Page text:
One simple way of doing it using a Rules Engine is to work with a statefull working memory that reflects the state of the system and has rules that react to changes in this state. The state of the system, in the above example, is provided by the sensors, so it makes perfect sense to have your sensors modeled as facts. The rules will rely on these “sensor facts” to make decisions. So, your rules could be:

global org.drools.examples.acsmonitoring.AirConditioningSystem acs;

rule "turn ACS on"
TemperatureSensor( celsiusGrade > 25 )

rule "turn ACS off"
TemperatureSensor( celciusGrade < 20 )

The above are very simple rules, but they demonstrate the concept. A more elaborate rule could be able to work with different threasholds according to the weather input given by another sensor:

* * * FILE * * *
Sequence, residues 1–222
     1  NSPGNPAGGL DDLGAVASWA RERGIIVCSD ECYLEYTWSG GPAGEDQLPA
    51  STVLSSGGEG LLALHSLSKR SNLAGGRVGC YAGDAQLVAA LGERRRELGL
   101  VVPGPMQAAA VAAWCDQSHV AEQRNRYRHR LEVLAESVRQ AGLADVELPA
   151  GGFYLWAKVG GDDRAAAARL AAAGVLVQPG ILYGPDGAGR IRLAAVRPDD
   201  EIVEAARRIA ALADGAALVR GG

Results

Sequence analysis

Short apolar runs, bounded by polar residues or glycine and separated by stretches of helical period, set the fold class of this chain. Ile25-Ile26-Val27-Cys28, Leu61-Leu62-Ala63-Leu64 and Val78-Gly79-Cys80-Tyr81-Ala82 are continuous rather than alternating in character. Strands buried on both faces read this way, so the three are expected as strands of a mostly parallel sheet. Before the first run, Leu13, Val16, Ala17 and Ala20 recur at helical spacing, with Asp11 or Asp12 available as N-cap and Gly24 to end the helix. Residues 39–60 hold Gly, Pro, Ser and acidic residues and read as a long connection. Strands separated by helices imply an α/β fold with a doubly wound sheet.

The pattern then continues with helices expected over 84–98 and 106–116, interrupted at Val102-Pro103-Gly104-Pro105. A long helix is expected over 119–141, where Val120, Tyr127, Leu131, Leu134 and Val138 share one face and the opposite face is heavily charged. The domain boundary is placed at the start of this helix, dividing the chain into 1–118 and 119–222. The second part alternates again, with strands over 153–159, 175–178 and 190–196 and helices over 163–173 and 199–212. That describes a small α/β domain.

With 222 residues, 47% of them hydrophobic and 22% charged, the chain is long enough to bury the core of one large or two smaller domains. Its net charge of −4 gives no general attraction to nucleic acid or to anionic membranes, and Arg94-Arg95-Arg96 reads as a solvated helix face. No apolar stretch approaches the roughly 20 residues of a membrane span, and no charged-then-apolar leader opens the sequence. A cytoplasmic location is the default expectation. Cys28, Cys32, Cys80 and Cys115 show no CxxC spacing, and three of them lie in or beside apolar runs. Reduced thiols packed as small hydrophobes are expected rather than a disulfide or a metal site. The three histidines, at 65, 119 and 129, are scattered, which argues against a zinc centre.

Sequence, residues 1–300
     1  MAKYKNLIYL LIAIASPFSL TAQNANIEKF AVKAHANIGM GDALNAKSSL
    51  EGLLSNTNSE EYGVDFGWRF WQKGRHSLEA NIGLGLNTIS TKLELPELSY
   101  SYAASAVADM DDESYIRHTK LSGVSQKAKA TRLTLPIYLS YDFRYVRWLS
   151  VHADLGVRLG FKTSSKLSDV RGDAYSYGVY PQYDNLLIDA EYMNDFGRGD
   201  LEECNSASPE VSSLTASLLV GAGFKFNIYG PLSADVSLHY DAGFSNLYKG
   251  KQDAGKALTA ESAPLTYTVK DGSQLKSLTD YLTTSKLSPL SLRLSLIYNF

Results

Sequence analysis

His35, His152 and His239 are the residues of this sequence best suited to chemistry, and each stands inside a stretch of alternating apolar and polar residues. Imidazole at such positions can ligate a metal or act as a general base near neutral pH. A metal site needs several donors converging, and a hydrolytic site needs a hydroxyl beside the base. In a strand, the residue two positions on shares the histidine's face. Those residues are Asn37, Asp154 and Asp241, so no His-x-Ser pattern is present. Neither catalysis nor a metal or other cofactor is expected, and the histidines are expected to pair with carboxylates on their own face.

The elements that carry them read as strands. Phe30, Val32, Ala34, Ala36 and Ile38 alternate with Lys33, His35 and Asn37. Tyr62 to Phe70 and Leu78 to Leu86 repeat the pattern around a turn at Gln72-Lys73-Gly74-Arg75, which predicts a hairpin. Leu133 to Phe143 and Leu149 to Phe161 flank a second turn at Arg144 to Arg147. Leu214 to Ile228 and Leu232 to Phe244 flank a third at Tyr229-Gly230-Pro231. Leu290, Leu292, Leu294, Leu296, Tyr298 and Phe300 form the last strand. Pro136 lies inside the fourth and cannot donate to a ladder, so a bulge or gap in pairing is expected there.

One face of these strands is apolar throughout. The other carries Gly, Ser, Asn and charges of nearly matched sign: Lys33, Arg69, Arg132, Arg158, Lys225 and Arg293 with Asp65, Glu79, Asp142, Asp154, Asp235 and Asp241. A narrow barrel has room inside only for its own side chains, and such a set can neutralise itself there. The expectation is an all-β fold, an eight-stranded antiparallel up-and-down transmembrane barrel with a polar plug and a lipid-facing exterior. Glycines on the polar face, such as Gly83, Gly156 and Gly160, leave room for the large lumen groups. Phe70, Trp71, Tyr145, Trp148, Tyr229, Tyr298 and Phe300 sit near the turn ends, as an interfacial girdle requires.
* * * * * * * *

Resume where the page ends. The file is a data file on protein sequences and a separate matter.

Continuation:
rule "turn ACS on"
WeatherSensor( $weather : weather )
TemperatureRange( weather == $weather, $max : maxTemperature )
TemperatureSensor( celciusGrade > $max )

Having your constraints also modeled as facts (the TemperatureRange fact in the above example) also helps writing more robust rules, avoids the need for hardcoded values, and allows a single rule to react to several different conditions.

Well, we saw the “rules side” of your problem, but what your application needs to do? The answer is: simply keeps updating the sensors. That may be done in several ways, depending on how your specific system works, but in the end, it will usually be either by poll or by event. If you are polling your ACS, code would be like:

while( /* an exit condition */ ) {